ST. THOMAS — Property owners and retailers on Main Street in Charlotte Amalie all seem to agree, the revitalization of Main Street needed to be done. Owners and retailers also agree that because of the scope of the project and the time that Main Street has been torn apart, the cost is far more than just the money spent on construction.
Though progress has been made, many Main Street business owners are struggling to hang on or, like TOPA Properties, are trying new ideas to keep revenue flowing.
The western end of the street has been particularly hard hit. Besides closures, some long-term tenants that have been on the west end of Main Street for years have sought to move further east to what has long been perceived as the more desirable portion of the street.
“There’s been a lot of consolidation and obviously a lot of closures in the last few years,” said Steve Morton, president of TOPA Properties, which owns 10 properties in the historic district.
“It’s sad to see some of these long-term tenants that just haven’t been able to survive this combination of hurricanes, construction and the decline of tourism. It’s been a really long period for retailers downtown, no question about it. I think there are two doors open when you look west of Trompeter Gade and I actually counted 56 out of 69 doors that were closed. That’s staggering, unheard of for Main Street. It wasn’t long ago, 20 years ago, that every nook and cranny was full of retail. The decline has been dramatic and it’s alarming, so we’ve got to take bold steps to bring downtown back.”
To offset these kinds of losses, property owners have to think outside the box. TOPA has turned to an idea that’s been gaining a lot of popularity on the mainland: the pop-up store.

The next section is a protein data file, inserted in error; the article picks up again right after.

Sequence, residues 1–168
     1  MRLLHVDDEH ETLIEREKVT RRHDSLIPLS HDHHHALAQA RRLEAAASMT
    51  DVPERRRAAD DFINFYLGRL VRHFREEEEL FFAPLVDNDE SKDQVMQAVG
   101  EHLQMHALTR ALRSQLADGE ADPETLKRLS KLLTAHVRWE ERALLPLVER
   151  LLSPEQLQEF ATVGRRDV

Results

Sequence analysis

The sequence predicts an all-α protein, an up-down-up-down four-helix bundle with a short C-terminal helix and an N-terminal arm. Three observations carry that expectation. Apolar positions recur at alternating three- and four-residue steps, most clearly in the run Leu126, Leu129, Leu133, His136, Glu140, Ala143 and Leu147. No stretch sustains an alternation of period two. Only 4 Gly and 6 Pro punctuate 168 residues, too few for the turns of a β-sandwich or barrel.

Retail property on Main Street has long been in high demand, but market conditions are vastly different right now, particularly west of Raadet’s Gade, according to Morton. The risk and cost of opening a new business may be more than most may be willing to gamble on.
“Given the current situation downtown with the construction and other factors, there’s a hesitancy to get into a long-term lease on Main Street,” he said. “There’s trepidation and fear that until things start to stabilize, it’s kind of risky, so a pop-up eliminates part of that risk. You can come in short-term and establish a pop-up store for anywhere from three to six months. You can test a concept, test a brand, build awareness of a product or move inventory, so it’s a short-term, low risk opportunity to be in a high traffic, visible area. It may be a really interesting way to revitalize Main Street.”
Pop-up stores are typically no frills, bare bones spaces with little to no build out required, which lowers the upfront cost of opening. The potential can be great. If the results are successful and both retailer and landlord agree, the short-term relationship could turn into a permanent one.
“These can be fun, too,” Morton says. “A lot of these pop-up stores are typically fun and hip and new and a little less formal. What I would love to see is sort of an arts district on Main Street that caters to the arts and art galleries. Food and beverage would be good, too. We as property owners have to think differently in terms of how to support that western section of town because it’s really fallen onto some pretty hard times. We’ve been approached by a number of younger Virgin Islanders who would love to be downtown. They love the historic charm. They love the high-concentration retail area with a lot of history and they want to be downtown, but until construction is done, people are a little hesitant to jump in with a long-term commitment, so a pop-up might be the answer.”
Those interested in a pop-up opportunity can call 340-774-8175 ext. 23.